City engineering researchers awarded €707k to develop clean energy technology
Engineering academics at City, University of London have received EU-funding to develop innovative clean energy technology solutions.
Professor Abdulnaser Sayma (Principal Investigator) and Dr Martin White (Co-Investigator) have been awarded €707k to lead the turbomachinery work package of the €5m Horizon 2020-funded project, ‘Supercritical Carbon Dioxide/Alternative Fluids Blends for efficiency upgrade solar power plants (SCARABEUS)'.
The SCARABEUS project, starting in April 2019 and lasting four years, will demonstrate that the application of supercritical CO2 blends to concentrated solar power (CSP) plants has the potential to reduce capital expenditure for state-of-the-art steam cycles by 30 percent, and operating expenditure by 35 percent, thus exceeding the reduction achievable with standard supercritical CO2 technology.
Micro-gas turbine technology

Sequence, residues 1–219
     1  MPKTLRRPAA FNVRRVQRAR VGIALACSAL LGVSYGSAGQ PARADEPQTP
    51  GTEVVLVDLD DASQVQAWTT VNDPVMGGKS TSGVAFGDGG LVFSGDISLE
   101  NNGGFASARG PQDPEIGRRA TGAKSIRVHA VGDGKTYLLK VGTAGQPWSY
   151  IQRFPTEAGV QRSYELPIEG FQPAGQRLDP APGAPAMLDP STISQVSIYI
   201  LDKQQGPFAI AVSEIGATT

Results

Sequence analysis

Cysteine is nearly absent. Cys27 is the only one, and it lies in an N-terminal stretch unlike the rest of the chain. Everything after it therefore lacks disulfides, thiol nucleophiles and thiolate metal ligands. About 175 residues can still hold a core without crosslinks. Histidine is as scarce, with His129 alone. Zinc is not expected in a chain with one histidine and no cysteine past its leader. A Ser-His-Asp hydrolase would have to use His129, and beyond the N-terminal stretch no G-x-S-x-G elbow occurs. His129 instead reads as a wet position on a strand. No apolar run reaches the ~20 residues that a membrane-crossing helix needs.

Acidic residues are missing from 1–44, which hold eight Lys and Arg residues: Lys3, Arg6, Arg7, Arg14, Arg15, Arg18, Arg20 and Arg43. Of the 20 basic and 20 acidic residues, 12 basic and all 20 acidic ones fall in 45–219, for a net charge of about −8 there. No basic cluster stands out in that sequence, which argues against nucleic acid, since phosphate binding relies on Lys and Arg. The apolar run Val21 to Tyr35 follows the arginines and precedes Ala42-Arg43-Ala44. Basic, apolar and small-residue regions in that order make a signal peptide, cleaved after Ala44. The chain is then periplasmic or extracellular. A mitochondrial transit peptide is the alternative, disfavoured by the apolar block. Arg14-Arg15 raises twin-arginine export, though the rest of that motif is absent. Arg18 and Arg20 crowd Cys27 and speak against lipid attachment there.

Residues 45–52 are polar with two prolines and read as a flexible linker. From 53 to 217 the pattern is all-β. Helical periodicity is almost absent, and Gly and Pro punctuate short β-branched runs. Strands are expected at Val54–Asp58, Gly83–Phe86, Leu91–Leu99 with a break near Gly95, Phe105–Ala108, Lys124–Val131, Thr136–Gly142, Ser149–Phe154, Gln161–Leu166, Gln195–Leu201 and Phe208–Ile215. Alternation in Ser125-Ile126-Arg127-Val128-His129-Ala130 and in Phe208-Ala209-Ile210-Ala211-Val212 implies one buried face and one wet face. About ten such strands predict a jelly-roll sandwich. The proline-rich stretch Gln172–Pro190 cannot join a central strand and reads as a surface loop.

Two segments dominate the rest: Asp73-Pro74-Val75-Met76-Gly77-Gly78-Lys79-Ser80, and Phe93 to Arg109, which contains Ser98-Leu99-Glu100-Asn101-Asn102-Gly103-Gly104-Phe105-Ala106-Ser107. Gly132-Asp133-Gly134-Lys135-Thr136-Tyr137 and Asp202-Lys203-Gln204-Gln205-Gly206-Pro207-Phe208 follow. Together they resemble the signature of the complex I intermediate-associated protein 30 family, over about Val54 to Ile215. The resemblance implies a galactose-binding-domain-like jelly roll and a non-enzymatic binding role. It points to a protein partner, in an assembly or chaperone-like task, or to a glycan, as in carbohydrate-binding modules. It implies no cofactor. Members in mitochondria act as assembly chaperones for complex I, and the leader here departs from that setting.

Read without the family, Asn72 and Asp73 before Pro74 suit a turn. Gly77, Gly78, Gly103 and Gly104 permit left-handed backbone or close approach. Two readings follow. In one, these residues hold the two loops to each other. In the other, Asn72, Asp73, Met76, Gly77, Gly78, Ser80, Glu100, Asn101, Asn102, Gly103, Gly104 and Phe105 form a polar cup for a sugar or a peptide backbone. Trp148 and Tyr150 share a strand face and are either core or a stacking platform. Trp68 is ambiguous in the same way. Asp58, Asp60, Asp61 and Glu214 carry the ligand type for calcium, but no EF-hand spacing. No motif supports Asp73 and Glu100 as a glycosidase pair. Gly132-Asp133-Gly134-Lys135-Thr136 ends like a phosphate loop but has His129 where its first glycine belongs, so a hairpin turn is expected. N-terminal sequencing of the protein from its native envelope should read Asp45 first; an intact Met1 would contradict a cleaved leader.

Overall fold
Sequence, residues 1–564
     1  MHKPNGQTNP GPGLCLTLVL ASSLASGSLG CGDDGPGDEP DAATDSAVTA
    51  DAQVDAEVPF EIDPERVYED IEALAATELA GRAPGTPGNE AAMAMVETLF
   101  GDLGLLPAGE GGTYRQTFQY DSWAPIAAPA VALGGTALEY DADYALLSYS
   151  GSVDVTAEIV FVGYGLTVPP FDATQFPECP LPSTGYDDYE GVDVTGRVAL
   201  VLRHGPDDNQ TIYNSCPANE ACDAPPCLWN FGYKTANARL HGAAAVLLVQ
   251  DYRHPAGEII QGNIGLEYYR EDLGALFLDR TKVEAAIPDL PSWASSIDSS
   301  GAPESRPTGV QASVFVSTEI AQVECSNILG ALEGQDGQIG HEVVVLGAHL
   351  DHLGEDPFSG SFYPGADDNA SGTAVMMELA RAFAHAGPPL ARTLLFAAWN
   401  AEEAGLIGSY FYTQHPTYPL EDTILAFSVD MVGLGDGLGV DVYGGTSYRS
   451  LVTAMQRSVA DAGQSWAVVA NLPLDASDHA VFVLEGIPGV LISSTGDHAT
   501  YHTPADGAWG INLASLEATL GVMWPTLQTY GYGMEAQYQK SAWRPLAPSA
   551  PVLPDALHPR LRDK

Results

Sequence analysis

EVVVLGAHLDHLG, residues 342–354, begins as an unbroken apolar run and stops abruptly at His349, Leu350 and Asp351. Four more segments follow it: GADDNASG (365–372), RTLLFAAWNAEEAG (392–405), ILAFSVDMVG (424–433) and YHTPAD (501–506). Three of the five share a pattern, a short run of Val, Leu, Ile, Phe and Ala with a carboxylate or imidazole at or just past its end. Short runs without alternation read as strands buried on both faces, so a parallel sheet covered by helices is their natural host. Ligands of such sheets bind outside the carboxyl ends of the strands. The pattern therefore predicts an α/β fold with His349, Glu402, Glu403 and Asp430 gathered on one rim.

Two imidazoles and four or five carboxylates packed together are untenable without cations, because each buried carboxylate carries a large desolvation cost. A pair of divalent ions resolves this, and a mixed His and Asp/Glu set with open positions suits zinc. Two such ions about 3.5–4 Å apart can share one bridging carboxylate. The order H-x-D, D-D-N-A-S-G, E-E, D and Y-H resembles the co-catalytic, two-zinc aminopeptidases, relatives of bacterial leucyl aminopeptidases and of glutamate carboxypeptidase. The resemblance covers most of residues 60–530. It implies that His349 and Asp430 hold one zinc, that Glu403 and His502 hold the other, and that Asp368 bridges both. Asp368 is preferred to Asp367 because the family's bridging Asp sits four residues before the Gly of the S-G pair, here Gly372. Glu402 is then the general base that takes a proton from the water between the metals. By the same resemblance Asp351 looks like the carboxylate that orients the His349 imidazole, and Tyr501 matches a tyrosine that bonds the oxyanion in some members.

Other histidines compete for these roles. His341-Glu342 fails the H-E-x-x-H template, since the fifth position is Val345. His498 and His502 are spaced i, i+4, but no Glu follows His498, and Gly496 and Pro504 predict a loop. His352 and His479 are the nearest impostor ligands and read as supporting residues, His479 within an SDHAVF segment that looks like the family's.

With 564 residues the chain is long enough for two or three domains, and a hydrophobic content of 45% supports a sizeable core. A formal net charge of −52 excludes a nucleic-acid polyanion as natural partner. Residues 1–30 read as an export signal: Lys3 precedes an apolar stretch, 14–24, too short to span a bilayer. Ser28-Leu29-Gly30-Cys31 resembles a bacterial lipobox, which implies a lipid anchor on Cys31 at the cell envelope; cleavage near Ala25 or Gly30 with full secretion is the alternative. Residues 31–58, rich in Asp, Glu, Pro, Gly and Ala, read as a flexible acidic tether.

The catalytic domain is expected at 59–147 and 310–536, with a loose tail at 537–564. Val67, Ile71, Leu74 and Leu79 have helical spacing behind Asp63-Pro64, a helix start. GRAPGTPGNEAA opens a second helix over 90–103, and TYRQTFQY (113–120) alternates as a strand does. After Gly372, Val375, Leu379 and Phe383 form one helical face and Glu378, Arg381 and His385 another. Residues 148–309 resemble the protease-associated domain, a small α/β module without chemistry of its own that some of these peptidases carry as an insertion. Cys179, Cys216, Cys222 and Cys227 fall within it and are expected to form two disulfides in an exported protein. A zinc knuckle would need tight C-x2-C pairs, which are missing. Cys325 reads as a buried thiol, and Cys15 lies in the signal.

This translates into a levelised cost of electricity (LCoE) which is lower than €96/MWh or 30 percent lower than currently possible.
The project will demonstrate the innovative fluid and newly-developed heat-exchangers at a relevant scale (300kWth), for 300 hours, in a CSP-like operating environment.
Supercritical CO2 refers to a fluid state of carbon dioxide held at or above its critical temperature and critical pressure.
Concentrated Solar Power Systems (CSPs) generate solar power by using mirrors or lenses to concentrate a large area of sunlight, or solar thermal energy, onto a small area. Electricity is generated when the concentrated light is converted to heat, which drives a heat engine (usually a steam turbine) connected to an electrical power generator.
Alongside City, the academic and industry partners on the SCARABEUS project include Politecnico di Milano (overall project coordinator); Technical University of Wien; University of Seville; University of Brescia; Kelvion; Quantis; Exergy and Abengoa Energia.
Professor Sayma and his colleagues have successfully developed state-of-the-art micro gas turbine technology operated by solar power capable of generating up to 6kW of electricity.